Waiting Lines

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P-3 Waiting Lines Waiting lines and delays occur when there is either not enough capacity in general for demand, or when short-term rises in demand occur1. These incidents are so common as to be daily occurrences. Every day we wait at traffic lights or if we are less fortunate we get stuck in traffic jams. Still we wait in lines at banks, restaurants, and theaters ….. The study of waiting lines is an exploration of the probabilistic phenomena of frequent disparate outcomes. That is to say, sometimes having to wait for long periods of times, while at other times being so fortunate as to have no wait at all. Operations management places a great deal of consideration into the anticipated performance of waiting line systems. These…show more content…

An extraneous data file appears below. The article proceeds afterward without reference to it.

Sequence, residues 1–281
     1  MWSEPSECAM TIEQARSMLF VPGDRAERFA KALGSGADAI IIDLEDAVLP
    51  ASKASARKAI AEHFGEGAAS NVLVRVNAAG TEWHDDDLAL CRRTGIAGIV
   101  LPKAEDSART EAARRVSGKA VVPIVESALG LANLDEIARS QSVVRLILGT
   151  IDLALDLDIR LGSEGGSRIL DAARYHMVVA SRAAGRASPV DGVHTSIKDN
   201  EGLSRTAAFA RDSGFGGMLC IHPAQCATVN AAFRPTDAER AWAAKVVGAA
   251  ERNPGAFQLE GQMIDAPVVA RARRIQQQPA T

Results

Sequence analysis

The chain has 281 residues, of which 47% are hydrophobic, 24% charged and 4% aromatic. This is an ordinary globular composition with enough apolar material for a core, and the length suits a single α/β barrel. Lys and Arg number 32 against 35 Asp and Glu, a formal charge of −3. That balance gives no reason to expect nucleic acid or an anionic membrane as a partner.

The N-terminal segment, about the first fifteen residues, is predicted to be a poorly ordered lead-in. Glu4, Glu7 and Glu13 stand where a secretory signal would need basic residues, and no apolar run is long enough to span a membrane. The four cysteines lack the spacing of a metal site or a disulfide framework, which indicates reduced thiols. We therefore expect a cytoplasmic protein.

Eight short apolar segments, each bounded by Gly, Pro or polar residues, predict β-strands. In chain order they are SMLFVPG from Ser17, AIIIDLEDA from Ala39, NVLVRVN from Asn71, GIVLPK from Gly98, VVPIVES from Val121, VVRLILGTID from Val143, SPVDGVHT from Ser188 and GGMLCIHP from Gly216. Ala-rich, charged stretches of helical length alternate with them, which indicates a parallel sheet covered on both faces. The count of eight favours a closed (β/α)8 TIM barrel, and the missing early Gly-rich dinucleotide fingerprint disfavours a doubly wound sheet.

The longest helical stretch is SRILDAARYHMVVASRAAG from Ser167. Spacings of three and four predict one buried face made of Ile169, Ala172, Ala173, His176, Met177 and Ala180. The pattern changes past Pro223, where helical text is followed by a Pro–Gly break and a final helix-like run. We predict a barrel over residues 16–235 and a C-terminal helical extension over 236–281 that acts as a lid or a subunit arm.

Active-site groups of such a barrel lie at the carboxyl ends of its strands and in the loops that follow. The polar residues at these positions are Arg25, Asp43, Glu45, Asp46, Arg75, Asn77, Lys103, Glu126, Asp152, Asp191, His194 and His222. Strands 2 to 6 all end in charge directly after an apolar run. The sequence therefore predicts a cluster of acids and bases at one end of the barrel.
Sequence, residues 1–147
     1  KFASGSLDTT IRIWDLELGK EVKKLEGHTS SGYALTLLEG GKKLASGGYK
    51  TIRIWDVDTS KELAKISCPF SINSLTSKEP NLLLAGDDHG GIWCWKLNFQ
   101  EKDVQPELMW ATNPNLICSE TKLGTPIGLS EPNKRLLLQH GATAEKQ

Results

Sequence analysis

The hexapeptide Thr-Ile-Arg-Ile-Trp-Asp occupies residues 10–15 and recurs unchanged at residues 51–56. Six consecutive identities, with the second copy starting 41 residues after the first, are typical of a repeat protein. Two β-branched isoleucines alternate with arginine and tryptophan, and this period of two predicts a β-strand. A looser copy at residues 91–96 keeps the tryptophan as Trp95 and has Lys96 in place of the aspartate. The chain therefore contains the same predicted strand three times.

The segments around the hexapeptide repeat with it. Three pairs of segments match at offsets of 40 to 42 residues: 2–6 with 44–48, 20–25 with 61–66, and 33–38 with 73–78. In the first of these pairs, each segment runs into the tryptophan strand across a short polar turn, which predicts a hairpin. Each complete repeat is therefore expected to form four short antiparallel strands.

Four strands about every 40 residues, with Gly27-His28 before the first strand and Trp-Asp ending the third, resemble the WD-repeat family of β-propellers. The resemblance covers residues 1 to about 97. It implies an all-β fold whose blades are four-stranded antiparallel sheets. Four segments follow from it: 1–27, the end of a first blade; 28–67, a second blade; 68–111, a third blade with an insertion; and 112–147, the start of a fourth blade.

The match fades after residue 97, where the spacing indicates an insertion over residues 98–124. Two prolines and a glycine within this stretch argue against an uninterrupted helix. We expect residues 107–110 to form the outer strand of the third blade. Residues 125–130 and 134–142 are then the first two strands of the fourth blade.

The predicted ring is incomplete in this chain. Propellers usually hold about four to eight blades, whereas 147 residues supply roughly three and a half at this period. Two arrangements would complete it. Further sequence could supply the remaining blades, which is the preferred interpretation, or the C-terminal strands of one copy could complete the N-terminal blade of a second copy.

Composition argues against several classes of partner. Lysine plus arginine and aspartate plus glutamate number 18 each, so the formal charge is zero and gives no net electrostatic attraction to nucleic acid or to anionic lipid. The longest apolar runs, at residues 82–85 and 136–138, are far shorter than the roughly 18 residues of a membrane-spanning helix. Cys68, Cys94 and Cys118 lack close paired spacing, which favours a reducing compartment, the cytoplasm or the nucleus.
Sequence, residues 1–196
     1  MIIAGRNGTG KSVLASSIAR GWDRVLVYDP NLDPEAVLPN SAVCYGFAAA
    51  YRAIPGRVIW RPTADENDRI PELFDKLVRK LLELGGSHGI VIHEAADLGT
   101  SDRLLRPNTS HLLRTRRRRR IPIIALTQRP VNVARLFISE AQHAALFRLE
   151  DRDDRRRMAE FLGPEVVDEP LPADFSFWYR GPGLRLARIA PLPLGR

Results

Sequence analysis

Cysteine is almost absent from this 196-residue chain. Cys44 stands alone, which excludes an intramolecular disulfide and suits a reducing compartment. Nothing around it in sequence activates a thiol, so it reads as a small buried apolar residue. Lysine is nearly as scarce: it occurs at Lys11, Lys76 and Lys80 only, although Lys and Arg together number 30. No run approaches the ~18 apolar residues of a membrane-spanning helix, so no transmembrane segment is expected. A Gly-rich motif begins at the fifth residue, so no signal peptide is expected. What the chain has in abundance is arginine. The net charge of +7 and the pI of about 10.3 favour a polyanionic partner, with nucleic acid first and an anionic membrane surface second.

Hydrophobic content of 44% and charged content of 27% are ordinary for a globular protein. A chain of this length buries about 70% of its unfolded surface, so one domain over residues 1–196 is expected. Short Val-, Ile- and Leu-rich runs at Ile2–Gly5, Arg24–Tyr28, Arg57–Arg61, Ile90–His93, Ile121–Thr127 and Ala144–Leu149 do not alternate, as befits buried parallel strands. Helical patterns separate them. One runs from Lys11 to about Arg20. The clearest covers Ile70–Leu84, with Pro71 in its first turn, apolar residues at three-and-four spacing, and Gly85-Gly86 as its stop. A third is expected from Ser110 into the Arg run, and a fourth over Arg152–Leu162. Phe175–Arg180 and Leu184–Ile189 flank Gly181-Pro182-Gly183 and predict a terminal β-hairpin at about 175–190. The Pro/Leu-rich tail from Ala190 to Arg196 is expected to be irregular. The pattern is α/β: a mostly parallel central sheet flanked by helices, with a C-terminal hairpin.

Most people have an aversion to waiting in lines, and if we are aware of a potential delay before we commit, we would likely look for another service provider. This is particularly the case in the fast food industry. Even if the service is relatively steady, the mere perception of a long line is enough to result in diminished revenues. The true cost of waiting is quite difficult to quantify, but there is a genuine economic impact. Consider that not only is the revenue of a balking customer lost, but also that same customer may complain about their experience to their friends, acquaintances or even the World Wide Web, thus amplifying the effect. As opposed to service industries, inventory left waiting in a factory has relatively little impact. There will be associated inventory expenses incurred from owning this extra buffer of material to keep machinery in operation, but this may be minimal compared to the impact of idle machinery. In order to effectively manage a waiting line system, our HVAC company must analyze and determine the following factors: • On average, how many customers are awaiting service? • What is the arrival pattern of customer requests? Are they scheduled or random? • How long must a customer wait to get service? • What is the average number of customers (in line and being served) in the system at any time? • What is the customer’s average time in the system? Ultimately, a
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